Ask me how my day was
Updated: Jun 11
I think one of the most important qualities a person can have, is the ability to truly listen. Have you ever been with someone when you are telling them something that really matters to you, something that is important and valuable and they are on their phone or distracted by something else going on nearby? You know they didn’t hear a word you said and certainly don’t appreciate the value of the content. It could have been about something trivial like the last movie you just watched, but it could also be about a patient you sat with who touched your heart or tugged at your heartstrings.
Regardless of what it is that you have to say, when someone tunes you out, it is hurtful.
I have seen the look on faces as I start to talk about my work and what I do. I understand it is a difficult topic, I understand the fear that surrounds death and it is a taboo subject for many. But when you do this kind of work, when you are at the bedside of someone who takes their very last breath and you hug the loved one of someone who had to say goodbye, for us it isn’t about death, it is about life.
Working in Hospice on any level, places you in the life of someone who is about to die. This work is personal, it is powerful, it is beautiful and it is hard. And at the end of the day, we need to talk about it. Finding someone to talk to, that doesn’t do this kind of work, is not an easy task. I have learned that very rarely does anyone ask me how my day was, because they are afraid I am going to tell them. But I want to tell them, I want to share about the beautifully difficult day I had. I want to share the lessons I learned, or the way it felt to take away the pain or discomfort someone might have experienced. I want to talk about a death that while it could have been really hard, ended up being gentle and kind and I had something to do with their landing being soft. I want to talk about my day. And I really, really want someone to ask me how my day was.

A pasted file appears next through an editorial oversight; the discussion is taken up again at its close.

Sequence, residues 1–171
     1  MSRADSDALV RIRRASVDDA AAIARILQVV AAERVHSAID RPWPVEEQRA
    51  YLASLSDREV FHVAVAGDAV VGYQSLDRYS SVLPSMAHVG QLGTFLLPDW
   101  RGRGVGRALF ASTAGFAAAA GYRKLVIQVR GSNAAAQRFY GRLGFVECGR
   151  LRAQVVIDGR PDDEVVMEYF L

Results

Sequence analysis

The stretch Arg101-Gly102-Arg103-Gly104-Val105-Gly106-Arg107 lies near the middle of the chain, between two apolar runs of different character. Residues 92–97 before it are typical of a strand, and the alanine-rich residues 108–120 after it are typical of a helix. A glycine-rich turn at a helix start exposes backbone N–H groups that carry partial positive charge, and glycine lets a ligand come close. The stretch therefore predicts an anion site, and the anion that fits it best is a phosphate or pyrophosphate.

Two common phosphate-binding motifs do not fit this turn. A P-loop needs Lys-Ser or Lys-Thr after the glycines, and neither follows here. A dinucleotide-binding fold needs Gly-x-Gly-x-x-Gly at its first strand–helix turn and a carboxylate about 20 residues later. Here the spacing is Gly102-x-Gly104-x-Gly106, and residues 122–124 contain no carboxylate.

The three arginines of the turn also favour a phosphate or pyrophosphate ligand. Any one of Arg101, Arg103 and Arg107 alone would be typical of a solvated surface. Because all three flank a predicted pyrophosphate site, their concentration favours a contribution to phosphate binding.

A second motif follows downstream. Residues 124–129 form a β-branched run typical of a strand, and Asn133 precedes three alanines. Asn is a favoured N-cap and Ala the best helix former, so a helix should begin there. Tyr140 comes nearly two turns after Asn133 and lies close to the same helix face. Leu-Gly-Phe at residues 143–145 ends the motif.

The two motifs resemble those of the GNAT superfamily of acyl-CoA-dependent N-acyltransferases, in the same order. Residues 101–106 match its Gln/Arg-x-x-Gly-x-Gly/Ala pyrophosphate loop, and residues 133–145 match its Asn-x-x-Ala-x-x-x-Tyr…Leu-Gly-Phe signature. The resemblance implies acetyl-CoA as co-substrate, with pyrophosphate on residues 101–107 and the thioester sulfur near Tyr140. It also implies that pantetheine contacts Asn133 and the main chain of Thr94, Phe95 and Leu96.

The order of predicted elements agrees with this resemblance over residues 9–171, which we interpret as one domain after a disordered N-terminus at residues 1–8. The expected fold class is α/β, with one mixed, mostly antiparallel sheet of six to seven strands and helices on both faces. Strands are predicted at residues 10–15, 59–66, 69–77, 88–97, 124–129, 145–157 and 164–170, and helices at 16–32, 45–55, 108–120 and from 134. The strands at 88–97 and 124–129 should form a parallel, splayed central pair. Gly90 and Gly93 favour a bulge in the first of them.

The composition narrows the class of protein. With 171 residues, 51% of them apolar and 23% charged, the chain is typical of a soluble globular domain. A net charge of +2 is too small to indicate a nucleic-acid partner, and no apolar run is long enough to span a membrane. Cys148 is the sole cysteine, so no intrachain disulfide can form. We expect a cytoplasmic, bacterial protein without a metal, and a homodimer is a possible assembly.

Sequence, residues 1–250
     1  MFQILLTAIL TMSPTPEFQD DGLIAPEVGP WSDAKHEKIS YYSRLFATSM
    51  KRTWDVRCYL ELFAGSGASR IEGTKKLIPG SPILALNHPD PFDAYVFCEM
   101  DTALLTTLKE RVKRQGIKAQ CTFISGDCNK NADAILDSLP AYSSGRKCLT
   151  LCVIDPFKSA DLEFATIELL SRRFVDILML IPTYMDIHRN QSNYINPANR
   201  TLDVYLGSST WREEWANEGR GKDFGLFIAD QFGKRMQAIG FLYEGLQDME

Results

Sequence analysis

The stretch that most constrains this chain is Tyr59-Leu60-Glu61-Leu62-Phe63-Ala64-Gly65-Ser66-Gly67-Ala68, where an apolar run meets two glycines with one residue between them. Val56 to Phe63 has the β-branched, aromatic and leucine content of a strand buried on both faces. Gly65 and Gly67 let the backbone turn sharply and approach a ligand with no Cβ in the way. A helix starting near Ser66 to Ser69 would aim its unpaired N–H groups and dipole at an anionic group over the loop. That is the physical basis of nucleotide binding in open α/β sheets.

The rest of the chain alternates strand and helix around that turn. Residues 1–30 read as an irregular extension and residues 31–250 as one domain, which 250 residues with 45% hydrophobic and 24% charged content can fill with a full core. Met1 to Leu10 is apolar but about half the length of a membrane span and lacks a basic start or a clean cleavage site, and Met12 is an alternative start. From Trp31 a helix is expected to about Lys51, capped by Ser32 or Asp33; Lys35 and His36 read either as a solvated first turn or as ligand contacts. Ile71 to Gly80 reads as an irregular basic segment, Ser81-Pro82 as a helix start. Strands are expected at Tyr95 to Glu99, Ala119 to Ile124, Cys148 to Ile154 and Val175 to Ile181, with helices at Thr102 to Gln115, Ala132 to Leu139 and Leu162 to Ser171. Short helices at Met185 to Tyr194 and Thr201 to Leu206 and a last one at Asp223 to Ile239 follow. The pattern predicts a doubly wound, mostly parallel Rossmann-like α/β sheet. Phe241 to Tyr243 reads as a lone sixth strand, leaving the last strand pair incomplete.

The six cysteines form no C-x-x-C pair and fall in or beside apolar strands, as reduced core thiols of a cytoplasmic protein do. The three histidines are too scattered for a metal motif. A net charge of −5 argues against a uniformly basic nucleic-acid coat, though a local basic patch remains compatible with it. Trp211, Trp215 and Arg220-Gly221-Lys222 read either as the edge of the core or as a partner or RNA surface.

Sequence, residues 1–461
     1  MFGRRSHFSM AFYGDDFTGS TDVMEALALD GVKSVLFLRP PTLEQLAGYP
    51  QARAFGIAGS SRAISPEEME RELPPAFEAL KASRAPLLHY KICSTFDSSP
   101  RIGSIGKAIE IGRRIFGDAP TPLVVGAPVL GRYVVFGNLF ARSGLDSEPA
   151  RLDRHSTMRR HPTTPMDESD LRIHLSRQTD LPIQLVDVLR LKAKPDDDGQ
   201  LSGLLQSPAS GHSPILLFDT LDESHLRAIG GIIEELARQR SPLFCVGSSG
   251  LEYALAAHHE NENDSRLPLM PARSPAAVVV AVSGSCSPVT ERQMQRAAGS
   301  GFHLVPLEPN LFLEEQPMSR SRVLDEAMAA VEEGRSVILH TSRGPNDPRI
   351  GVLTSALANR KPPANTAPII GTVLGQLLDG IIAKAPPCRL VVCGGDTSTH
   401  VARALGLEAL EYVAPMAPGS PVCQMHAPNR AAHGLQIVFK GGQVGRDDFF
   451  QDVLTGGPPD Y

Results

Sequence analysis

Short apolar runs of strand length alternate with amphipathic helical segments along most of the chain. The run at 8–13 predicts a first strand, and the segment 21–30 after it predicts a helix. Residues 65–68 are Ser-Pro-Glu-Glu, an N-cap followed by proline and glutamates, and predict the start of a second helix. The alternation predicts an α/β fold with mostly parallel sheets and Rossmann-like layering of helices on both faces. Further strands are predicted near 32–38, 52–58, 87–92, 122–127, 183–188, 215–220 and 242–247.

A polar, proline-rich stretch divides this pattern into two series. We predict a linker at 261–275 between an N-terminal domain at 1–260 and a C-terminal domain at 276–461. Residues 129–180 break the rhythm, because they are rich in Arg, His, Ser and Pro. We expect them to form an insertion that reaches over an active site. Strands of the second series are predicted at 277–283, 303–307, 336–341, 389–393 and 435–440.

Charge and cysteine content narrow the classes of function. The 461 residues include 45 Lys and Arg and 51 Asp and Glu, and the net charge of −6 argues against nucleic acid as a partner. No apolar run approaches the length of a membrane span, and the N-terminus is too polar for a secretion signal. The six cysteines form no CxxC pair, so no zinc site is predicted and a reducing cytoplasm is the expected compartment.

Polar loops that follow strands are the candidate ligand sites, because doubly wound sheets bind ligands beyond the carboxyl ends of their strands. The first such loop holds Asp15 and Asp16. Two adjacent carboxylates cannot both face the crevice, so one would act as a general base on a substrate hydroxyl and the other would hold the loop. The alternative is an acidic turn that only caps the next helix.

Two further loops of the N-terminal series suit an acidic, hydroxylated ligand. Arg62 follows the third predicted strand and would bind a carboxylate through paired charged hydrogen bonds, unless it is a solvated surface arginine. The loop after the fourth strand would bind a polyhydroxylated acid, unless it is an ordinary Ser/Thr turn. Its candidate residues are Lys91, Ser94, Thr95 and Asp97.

I can’t tell you how many dinner tables I have sat at where the conversation went from discussions about food, to movies, to work place gossip and while I sat there listening and even participated, I realize that I didn’t have much to offer in the conversation that didn’t have something to do with death. I struggle with that, because I feel like maybe I have gotten so immersed in my work I have forgotten how to live a life that doesn’t have something to do with death. And while that is probably very close to my reality, my life is not completely wrapped around death. It’s way deeper than that. Working around death has opened my eyes to so much more than just death. I have been witness to religions of all kinds; to a faith so strong it kind of blows my mind. I find myself almost envious of people who have such a spiritual commitment. It has encouraged me to ask questions, to read, and to learn. My respect for prayer grows every day. I have also seen love, so much love. And compassion and kindness on levels you can’t begin to imagine. Every patient I care for, every family I support and every death I am present for reminds me constantly to embrace life. I see death, but I also see life and I find a deeper appreciation for it every single day.
If you know someone who works in Hospice, who is around death, who gives their whole heart to someone else at the most difficult time of their life, I can assure you that they would be very happy you asked about their day. To be present for us, to let us share our day with you, to truly listen to our words is one of the kindest most thoughtful things you could do for us.